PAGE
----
For more information on the history we recommend the Wiltshire County Council’s Thumbnail History: on Ogbourne St George and on Ogbourne St Andrew
Good satellite images of the villages are now available at Google Maps –
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The Manor House stands on the spot where The Priory once stood, a short distance from the present
Part of the manor house can be seen top left. We understand that there are underground passages leading from the Manor House to the church. In fact we were told that there are two tunnels which go from the house to two places in the garden, but expert opinion now indicates that it is more likely to have been a drain than a secret passage. The connection with the Abbey Bec in France ‘The Bailiwick of Ogbourne’ to whom rents were paid from the 12th century, though these were later diverted to King’s College Cambridge.
On to Ogbourne St Andrew, where as in St George there are numerous fine thatched cottages and houses which are typical of Wiltshire, though more usually found in the southern half of the county. Ogbourne St Andrew church is said to contain the only known example of a ‘long barrow’ (pre-historic burial mound) within the churchyard. To read more about this see this webpage.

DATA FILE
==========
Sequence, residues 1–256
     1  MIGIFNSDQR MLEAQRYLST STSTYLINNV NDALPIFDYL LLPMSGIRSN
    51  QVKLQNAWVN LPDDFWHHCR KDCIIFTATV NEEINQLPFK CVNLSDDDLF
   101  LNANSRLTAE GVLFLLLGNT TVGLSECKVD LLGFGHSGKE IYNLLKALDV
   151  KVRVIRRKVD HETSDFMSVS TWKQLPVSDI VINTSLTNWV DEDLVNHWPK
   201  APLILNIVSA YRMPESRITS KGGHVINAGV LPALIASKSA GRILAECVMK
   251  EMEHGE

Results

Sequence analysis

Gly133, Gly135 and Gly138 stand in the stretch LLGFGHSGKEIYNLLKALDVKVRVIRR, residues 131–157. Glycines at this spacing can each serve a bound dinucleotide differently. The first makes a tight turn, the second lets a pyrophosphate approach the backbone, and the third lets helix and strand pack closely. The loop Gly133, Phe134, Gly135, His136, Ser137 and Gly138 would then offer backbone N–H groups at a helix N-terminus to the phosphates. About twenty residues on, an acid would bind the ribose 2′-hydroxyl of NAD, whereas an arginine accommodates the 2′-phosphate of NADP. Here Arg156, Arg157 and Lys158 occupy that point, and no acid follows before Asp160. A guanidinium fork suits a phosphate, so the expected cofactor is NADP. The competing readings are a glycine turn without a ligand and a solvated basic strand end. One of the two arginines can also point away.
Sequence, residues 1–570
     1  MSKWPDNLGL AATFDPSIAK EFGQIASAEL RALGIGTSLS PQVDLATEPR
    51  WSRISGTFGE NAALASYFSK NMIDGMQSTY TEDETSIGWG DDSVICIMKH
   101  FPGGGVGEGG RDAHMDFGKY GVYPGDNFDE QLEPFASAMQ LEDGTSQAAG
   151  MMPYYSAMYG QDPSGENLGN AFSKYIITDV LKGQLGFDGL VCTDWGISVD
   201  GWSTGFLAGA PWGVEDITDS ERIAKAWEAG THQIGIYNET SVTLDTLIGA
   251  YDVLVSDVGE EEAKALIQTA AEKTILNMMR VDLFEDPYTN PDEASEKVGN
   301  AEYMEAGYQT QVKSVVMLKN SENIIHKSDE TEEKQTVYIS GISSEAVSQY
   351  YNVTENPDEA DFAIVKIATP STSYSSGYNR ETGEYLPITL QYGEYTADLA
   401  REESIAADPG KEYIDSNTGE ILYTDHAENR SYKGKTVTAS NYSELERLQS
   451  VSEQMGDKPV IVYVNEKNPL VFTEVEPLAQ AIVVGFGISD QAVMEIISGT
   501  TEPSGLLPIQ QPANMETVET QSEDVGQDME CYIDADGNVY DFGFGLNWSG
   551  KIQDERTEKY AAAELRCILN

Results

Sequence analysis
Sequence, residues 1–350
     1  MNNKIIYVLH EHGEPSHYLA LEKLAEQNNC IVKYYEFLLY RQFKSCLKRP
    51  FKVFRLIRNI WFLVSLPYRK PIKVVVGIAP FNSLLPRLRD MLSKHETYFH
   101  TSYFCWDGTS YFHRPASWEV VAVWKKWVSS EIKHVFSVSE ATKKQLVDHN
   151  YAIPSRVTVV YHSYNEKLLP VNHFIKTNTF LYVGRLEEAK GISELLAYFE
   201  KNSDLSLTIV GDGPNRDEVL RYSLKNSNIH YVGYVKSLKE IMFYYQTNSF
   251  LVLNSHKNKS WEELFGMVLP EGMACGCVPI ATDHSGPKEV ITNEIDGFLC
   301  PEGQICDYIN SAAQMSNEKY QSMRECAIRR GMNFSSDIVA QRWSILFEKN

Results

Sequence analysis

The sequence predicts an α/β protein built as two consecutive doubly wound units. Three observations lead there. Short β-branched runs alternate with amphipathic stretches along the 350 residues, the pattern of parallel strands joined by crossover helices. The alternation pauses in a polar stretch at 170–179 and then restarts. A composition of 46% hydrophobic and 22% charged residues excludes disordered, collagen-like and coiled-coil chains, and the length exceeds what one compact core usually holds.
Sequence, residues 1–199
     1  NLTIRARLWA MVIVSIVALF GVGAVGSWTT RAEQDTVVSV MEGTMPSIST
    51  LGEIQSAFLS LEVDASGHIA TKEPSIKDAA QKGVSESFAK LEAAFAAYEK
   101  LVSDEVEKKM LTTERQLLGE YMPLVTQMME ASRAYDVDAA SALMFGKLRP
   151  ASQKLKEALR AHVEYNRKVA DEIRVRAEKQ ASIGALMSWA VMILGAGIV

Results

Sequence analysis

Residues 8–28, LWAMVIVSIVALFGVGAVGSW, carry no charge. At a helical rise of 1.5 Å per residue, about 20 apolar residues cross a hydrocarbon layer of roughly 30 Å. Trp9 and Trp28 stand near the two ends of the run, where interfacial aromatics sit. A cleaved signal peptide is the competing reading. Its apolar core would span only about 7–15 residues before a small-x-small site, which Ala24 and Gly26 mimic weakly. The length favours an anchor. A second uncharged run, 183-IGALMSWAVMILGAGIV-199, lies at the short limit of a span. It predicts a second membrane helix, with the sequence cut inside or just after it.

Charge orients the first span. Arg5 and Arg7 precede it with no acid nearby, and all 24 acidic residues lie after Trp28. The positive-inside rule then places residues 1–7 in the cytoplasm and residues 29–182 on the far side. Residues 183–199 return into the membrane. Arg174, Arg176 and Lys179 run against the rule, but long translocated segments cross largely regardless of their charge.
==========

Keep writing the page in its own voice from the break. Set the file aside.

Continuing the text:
The other principal hostelry in St George is ‘The Old Crown’ where the author of this homepage has ‘taken the waters’ in the past – ‘the pub with the well’ – if you wish to reserve bed and breakfast here the phone number is 01672 841445. The advertisement in the parish magazine clearly states ‘no juke box’ and ‘no pool table’ so one may be assured of a peaceful atmosphere here.
Brief histories of the parishes of Ogbourne St Andrew and Ogbourne St George are included in John Chandler’s ‘Marlborough and Eastern Wiltshire’ published in 2001 by Hobnob Press, of Salisbury, Wiltshire, ISBN 0-946418-07-1
The Frances Frith Collection of images of Ogbourne
St George and Ogbourne St Andrew
All three villages have lovely thatched cottages with marvellous gardens. Ogbourne St Andrew is partly on the main road, but the part laying back and the other two villages have an ambience of quiet serenity and peace.’ Clearly a warm welcome can be expected for visitors with an interest in the villages. It was said that they are not unused to visits from Ogburns and the like with American accents, one of whom endeared himself by a generous donation to parish funds.